Winner of Barbara Yen Sun Prize Fund
When I was a first-year, I started taking Chinese because it was unlike any language I had ever experienced. Since I was young I have loved learning languages, but despite my Chinese heritage I could barely count to ten by the time I entered Mount Holyoke. I had been to China once before, when I was fourteen: my father, sister and I traveled to Beijing for two weeks with my grandmother as our guide. None of us knew any Chinese but her, and I remember feeling a profound sense of disconnect with the multitude of people that surrounded me. There were so many people, but I could not communicate with any of them. I remember thinking that as a visitor, it was my responsibility to resolve that disconnect, and I vowed to return to China someday--but to learn Chinese first.
Throughout my course of study at Mount Holyoke, I have realized a passion for sociolinguistics within the context of Chinese language. I have traveled to Beijing and studied at both Peking University and the Beijing Language and Culture University. My experience in Beijing was invaluable because I was able to observe the cultural and political center of modern China. China has undergone the fastest urbanization in human history; the social and economic disparity between urban and rural culture is severe.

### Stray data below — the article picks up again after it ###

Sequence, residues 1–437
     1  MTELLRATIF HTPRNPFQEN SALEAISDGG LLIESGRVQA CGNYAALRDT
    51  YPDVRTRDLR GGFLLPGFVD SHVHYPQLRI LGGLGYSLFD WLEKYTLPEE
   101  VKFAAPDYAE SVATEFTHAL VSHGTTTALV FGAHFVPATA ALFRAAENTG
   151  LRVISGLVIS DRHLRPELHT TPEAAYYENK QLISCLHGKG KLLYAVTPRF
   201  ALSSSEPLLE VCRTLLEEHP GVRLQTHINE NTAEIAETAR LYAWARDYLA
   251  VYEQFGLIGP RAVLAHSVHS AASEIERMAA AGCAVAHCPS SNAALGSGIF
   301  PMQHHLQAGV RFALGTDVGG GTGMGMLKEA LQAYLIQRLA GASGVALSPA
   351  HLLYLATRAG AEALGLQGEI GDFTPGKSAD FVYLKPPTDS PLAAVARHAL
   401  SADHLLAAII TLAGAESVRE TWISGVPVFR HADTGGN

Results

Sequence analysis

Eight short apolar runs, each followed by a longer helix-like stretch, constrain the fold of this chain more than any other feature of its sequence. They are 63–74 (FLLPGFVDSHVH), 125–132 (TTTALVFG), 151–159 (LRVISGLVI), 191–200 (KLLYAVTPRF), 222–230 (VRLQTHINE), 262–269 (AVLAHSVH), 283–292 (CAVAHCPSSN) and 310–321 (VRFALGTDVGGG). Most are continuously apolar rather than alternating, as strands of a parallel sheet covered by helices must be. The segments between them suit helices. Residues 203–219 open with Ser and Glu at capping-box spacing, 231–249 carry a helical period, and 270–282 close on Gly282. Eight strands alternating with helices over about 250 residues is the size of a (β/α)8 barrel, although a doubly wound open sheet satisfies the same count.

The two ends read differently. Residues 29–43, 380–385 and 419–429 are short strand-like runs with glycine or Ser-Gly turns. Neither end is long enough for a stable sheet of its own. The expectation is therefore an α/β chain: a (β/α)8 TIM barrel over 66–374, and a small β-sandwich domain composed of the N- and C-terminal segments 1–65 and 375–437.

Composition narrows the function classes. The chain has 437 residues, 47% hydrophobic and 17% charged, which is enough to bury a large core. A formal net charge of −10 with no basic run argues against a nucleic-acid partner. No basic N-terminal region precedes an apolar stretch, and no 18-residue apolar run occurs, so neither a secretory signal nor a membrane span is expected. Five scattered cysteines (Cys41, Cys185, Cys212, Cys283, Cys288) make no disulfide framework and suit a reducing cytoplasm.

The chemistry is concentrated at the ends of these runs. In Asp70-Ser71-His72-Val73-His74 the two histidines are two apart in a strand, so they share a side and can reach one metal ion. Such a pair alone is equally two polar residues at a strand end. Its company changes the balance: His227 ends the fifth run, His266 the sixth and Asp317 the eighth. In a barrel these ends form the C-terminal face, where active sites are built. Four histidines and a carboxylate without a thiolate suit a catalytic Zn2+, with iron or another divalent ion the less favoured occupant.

I have realized that again, I must return to China, but next time I will travel to regions beyond the cultural centers where local customs and dialects differ greatly from urban standards. My experience writing a senior thesis in Asian Studies has been integral to my discovery of the true cultural and linguistic diversity of the people within this land's vast geography. I am honored to receive the Barbara Yen Sun Prize for my research in nüshu--a writing system created by women in rural southern Hunan. Through my research, I have learned a tremendous amount about this small and isolated community of linguistically sophisticated women. However, I have also developed a capacity to critically examine the scholastic literature I encounter in my research process. This has been the most valuable skill that I have developed through my research--one that will certainly serve me well beyond the gates of Mount Holyoke.